While the majority shareholders of the world’s largest ammonia plant flee from prosecution, the plant’s rundown units, although only 60% busy, keep poisoning everything around them and represent a threat of a human-induced disaster on an unprecedented scale. Every day the plant processes millions of cubic metres of explosive natural gas and thousands of tons of ammonia, a highly toxic chemical, lethal to humans, animals, and plants. A TogliattiAzot disaster, which has long since turned into a real possibility, may become the largest techno-catastrophe on the continent, and it may surpass the tragedies in Seveso, Jonava, and Bhopal. A poisonous ammoniac cloud may easily cover not only the neighbouring Russian regions but in an unfavourable scenario may also affect the Ukraine and other European countries. These are not just scary tales; a catastrophe is closer than one might think – the audit held by RosTechNadzor (the Federal Service of Environmental, Technological and Nuclear Supervision) in February 2011 revealed numerous - more than five hundred - violations. The audit showed that up to 80% of control equipment, monitoring units, alarms and emergency protection devices had outlived their design lives, some areas did not have any emergency alarms at all, and that there had been no major replacements to the process lines or units since 1976. In addition, the supervising authority found out that some of the production complex assemblies were “operated without operating permits”. 

In 2013, RosPrirodNadzor (the Federal Service for Supervision of Natural Resource Usage) audited TogliattiAzot. The result of the audit was as expected: liquid production wastes are discharged without any processing directly into the Volga River, which flows down into the Caspian Sea washing the shores of five countries and is the home to unique fauna. In addition to the sea’s amazing biological diversity – more than 1,800 kinds of animals live in the Caspian – it is home to most of the world’s sturgeon and many other commercially valuable fish. ToAZ is perfectly aware of the criminality of such an attitude to the environment, yet is has been practicing it for many years. 


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At the end of 2012, the Investigative Committee opened a criminal case into the company’s transfer abroad of hundreds millions of US dollars of unaccounted earnings. TogliattiAzot used to sell its products at a knockdown price to Nitrochem Distribution AG trading company, a 100% subsidiary of Ameropa AG, which is owned by Andreas Zivy, who also holds 12% of TogliattiAzot shares. The trader, in its turn, used to sell the plant’s products to its customers around the world at market prices. In January 2013, Evgeny Korolev, then CEO of ToAZ, went to London on a “business trip” as they said at the plant. He is still there. The CEO is accused of a fraud causing US$550 million of losses to the plant. A year later, a criminal case was opened against him based on “abuse of authority” in relation to the sale of the most fluid assets of TogliattiAzot – a methanol production facility with the land on which it is situated. Experts say that the total losses incurred by the company through his illegal actions amount to US$1.5 billion. Evgeny Korolev has been arrested in absentia and is under an international arrest warrant. At the end of 2014, the court arrested in absentia other managers of TogliattiAzot – chairperson of the Board of Directors Sergei Makhlai, co-owner Vladimir Makhlai, the head of Ameropa Andreas Zivy and Nitrochem director Beat Ruprecht. As of today, all five of the accused are on Interpol’s international wanted list. All five have made considerable efforts to exonerate themselves in the eyes of Western media and to have themselves taken off the wanted list, through corrupt means among others.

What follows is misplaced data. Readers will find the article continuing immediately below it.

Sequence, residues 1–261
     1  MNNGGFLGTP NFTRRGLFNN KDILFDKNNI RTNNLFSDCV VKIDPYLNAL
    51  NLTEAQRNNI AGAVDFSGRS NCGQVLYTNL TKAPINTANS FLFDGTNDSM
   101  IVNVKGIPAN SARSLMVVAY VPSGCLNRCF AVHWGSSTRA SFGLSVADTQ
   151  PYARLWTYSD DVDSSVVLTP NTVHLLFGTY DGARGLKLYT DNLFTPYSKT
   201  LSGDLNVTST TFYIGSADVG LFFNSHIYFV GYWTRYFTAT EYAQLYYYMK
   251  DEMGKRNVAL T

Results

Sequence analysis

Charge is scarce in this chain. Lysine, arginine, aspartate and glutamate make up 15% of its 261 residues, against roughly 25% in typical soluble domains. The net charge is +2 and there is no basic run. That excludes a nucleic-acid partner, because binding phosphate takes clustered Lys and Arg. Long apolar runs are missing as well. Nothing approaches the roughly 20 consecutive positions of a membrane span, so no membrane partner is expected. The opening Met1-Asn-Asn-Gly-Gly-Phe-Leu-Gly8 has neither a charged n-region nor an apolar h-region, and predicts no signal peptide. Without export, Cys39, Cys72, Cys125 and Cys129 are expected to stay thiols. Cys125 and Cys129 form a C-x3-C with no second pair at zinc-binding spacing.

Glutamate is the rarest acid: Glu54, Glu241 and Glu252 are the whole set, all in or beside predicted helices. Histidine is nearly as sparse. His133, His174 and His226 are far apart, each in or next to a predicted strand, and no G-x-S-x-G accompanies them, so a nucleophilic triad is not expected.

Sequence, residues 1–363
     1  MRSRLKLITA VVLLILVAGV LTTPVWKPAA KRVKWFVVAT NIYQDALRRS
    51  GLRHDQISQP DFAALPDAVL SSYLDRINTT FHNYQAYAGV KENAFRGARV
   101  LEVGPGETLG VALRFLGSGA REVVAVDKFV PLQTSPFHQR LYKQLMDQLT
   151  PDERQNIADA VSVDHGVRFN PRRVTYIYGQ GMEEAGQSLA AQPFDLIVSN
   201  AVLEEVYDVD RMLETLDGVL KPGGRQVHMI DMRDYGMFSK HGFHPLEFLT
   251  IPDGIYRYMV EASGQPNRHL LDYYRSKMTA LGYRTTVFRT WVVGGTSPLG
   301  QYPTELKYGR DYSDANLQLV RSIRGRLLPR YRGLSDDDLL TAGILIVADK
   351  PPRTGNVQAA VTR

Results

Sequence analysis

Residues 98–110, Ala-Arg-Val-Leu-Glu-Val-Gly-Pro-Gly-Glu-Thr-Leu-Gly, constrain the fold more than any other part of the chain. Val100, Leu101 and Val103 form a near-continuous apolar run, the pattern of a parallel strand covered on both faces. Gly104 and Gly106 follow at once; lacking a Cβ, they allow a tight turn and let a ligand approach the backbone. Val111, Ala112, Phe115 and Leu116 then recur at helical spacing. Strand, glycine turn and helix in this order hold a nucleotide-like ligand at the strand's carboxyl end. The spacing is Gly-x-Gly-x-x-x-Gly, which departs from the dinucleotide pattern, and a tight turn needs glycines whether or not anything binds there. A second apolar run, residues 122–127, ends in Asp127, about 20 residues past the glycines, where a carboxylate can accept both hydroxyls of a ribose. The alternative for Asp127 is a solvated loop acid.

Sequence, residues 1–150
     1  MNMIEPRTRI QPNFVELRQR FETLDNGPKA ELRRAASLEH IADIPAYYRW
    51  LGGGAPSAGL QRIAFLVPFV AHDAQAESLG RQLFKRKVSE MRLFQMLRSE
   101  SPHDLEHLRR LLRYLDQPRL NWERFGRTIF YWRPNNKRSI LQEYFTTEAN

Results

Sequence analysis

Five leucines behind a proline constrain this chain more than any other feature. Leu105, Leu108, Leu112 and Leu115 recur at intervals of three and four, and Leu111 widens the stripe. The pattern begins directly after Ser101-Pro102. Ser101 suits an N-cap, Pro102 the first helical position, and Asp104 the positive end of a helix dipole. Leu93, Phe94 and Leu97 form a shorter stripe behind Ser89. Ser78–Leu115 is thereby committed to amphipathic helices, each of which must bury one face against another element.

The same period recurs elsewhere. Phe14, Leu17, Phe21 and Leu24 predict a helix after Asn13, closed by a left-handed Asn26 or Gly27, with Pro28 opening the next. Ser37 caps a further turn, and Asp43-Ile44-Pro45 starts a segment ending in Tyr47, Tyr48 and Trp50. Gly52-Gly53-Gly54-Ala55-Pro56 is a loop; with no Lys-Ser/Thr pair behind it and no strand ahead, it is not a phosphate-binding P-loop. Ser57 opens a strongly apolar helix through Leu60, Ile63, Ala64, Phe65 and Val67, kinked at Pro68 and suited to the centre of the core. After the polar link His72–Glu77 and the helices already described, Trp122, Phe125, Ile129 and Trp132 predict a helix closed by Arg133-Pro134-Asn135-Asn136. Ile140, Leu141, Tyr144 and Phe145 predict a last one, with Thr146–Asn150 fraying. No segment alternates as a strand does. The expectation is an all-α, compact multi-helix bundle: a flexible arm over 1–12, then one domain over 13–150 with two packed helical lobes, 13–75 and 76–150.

Meanwhile, TogliattiAzot's hazardous production remains basically without any operating or strategic management. A new director was appointed only two years after Korolev fled abroad, in January 2015. His name is Vyacheslav Suslov, he used to be an IT manager of the plant. His competence in management of a huge hazardous production process is the subject of quite understandable scepticism. 

In a word, the ammonia line rupture near to Voronezh was a sort of last warning. Had the disaster occurred a few hours later, when people were already asleep and were not able to take alarm at the strong smell of ammonia in the air, they would not have been rescued. So far, there are no signs that TogliattiAzot has taken any resulting action; it rather strives to sweep the incident under the carpet and hush it up – “no one died, indeed”. Will they be as lucky next time? Unfortunately, there are no doubts that something like this will happen again, and it will be quite soon.



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Author`s name: Editorial Team